You’ve got pwned: AOL reports e-mail breach as bigger than thought

Last week, AOL confirmed that an unknown number of AOL Mail accounts have been hacked. Today, the company urged all its customers to change passwords and security questions, as it determined that information for at least two percent of all its accounts had been compromised. That's an impact of half a million users.

Attackers breached AOL’s systems and gained access to e-mail addresses, encrypted passwords, answers to security questions, and other contact information (including postal mailing addresses). While the mailboxes themselves were not compromised, the attackers used the contact information in a barrage of “spoofed” e-mails from those addresses—messages sent from outside AOL’s network with forged “from” address headers. Those e-mails are part of a large-scale phishing operation containing malicious Web links.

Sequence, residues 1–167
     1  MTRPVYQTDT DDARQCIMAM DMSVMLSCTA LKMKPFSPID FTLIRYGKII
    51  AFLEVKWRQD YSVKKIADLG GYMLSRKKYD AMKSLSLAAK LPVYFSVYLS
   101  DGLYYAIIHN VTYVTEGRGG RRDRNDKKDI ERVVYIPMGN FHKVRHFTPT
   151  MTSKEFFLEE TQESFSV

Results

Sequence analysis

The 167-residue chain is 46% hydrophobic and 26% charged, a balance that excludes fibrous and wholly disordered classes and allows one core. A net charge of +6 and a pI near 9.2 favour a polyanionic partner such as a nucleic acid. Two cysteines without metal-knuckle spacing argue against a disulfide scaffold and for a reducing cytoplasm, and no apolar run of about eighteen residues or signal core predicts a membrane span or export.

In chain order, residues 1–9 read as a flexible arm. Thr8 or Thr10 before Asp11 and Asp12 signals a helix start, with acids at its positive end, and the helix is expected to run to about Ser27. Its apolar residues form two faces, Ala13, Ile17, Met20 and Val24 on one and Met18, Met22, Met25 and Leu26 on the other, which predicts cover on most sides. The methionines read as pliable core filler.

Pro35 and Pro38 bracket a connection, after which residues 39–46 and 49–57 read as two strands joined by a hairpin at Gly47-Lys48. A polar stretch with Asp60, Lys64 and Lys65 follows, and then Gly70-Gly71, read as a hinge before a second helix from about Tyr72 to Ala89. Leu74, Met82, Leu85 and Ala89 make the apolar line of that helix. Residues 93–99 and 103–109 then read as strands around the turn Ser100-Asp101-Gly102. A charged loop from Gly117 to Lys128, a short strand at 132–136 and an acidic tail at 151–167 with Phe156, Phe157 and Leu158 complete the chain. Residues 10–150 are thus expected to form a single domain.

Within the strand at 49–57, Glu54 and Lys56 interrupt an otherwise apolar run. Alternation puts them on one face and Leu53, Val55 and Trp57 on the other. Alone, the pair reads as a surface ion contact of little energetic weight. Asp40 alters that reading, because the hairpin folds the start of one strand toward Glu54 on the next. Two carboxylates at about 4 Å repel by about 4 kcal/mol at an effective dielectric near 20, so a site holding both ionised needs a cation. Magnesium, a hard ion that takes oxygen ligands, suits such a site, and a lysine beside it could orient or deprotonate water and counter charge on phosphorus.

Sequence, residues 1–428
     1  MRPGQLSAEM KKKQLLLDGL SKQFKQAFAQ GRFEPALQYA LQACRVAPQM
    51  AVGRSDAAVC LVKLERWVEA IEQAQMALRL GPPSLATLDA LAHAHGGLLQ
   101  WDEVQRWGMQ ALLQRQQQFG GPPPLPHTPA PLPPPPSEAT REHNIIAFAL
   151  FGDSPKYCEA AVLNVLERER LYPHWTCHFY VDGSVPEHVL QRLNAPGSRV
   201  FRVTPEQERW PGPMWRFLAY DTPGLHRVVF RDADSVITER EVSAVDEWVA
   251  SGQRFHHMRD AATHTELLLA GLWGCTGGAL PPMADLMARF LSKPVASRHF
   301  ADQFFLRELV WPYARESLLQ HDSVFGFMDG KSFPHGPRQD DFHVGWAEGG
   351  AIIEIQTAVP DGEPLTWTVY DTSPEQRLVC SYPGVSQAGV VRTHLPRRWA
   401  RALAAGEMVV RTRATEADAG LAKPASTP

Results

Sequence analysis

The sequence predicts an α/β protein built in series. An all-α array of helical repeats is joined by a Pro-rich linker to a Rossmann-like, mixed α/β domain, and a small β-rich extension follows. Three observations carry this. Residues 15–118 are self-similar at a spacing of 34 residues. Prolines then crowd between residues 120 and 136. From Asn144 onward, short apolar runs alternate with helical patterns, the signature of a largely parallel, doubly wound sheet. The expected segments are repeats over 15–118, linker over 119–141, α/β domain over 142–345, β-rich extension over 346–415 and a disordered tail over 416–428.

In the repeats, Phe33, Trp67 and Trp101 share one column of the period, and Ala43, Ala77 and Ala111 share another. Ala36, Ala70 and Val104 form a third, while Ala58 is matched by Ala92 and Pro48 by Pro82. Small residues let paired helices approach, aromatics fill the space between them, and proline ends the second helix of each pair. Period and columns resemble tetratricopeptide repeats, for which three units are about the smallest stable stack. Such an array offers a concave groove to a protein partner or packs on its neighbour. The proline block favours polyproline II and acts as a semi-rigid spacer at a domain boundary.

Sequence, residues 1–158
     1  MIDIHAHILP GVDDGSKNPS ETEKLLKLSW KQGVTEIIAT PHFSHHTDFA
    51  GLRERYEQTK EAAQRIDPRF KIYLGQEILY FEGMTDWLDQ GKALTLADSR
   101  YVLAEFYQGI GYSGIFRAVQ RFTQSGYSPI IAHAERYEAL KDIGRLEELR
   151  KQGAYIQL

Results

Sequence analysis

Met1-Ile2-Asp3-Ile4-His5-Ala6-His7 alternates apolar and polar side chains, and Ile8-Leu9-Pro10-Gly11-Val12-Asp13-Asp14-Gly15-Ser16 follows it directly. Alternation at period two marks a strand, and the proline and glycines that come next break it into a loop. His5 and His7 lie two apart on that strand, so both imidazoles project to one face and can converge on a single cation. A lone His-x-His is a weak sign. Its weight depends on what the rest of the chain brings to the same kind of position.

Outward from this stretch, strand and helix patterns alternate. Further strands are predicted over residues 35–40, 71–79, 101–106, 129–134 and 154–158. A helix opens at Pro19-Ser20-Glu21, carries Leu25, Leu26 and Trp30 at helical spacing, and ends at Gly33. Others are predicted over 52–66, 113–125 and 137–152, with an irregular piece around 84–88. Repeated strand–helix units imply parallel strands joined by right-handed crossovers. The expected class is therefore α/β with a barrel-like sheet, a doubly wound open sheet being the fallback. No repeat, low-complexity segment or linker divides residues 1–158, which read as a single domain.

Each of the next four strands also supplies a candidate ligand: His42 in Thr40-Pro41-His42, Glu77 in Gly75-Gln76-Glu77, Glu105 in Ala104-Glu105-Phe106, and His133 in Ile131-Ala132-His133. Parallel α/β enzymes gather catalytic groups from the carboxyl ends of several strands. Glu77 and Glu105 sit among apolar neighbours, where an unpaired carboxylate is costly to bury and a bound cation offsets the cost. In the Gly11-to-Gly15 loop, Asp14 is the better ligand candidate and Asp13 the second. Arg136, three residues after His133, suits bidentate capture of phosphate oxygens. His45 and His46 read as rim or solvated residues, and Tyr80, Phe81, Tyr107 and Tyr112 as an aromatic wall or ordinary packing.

An AOL spokesperson said that the company is working with federal law enforcement to investigate the attack on its servers and that there was no indication that encrypted passwords were cracked by the attackers. The company has also changed its Domain-based Message Authentication, Reporting, and Conformance (DMARC) policy to “p=reject”—meaning that other mail services will automatically discard messages sent by someone using an mail address when a message is sent from a non-AOL server.

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